“And we have shown that print still has a place — we remain the biggest selling regional newspaper in the UK.

“Thank you to all of my team and our columnists and contributors, and to the scores of people who support the work at DC Thomson, and our sister paper The Courier, in digital product, audience, social media, AV, data, content development, events, marketing, comms, HR, skills and innovation, print production, newspaper sales, dispatch, Discovery print, and to the dozens of young people who are part of our Home Delivery Network.

“And, of course, to our readers, who have responded to the change by seeing the value of a subscription. Every story starts with you.”

The awards kept coming on the night.

The Courier’s website stood out for judges by “choosing to reject clickbait in favour of in-depth features and hard-hitting investigations”. Editor David Clegg said: “This award reflects the hard work, talent and dedication of every single member of the team. From a traditional newsroom, we have transformed into a modern, dynamic, truly agile digital-first operation.

“This success comes down to every content creator, digital content producer, AV expert, digital developer, audience insight specialist and social media expert. Throughout a period of extraordinary change The Courier had flourished because of one constant — high quality journalism rooted in its community.”

The Sunday Post’s chief reporter Marion Scott won Reporter of the Year and the Nicola Barry Award for a series of important, campaigning stories. Editor Jim Wilson said: “Marion is already a legend in Scottish journalism but retains her passion for telling stories that matter. She’s an inspiration.”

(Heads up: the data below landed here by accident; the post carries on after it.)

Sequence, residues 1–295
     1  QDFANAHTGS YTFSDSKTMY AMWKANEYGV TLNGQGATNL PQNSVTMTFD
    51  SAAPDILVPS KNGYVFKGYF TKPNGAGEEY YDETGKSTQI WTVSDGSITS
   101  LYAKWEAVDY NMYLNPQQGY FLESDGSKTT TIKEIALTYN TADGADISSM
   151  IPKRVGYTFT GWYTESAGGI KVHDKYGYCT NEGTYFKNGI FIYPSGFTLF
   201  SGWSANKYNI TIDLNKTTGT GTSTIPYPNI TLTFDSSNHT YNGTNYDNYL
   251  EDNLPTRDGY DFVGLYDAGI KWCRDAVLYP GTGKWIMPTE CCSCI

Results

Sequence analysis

The P&J’s Neil Drysdale was named one of the best in the country for his feature writing in the local and weekly category. His award-winning work looks back on a shocking murder in Aberdeen from 60 years ago and the story of a young girl who fled the Nazis in Austria and ended up in the north-east.

The P&J’s Environment and Transport team led by Kieran Beattie and Philippa Gerrard scooped the award for Campaign of the Year for Beach Clean Champions.

Catherine Deveney won the title of Columnist of the Year for her opinion pieces in the P&J, with her entries exploring topics such as the gender pay gap and harassment of schoolgirls.

The Local/weekly Reporter award was won by Sean O’Neil from the Impact team (which works across the P&J and The Courier) for his in-depth investigative work, including Missing from The Broch — the P&J’s documentary exploring the disappearance of Shaun Ritchie.

DC Thomson’s podcast The Stooshie, featuring reporters from the P&J and The Courier, was named Podcast of the Year for its weekly insights and analysis on everything to do with Scottish politics.

The Sunday Post was named runner-up in three categories — Front Page of the Year, Journalism Team of the year for its COP26 coverage and Campaign of the Year for Shaming, a campaign demanding justice for two victims of male violence against women.

P&J obituaries writer Lindsay Bruce was announced as runner up in the Specialist Reporter of the Year category for her sensitive and heartfelt work, including her interview with the mother of Banchory graduate Darren Forest who died just six days after his cancer diagnosis.

Runner up in the Local/weekly Reporter award category was Impact journalist Dale Haslam who explored the untold stories of Trump at Menie in a series of five articles as part of his entry.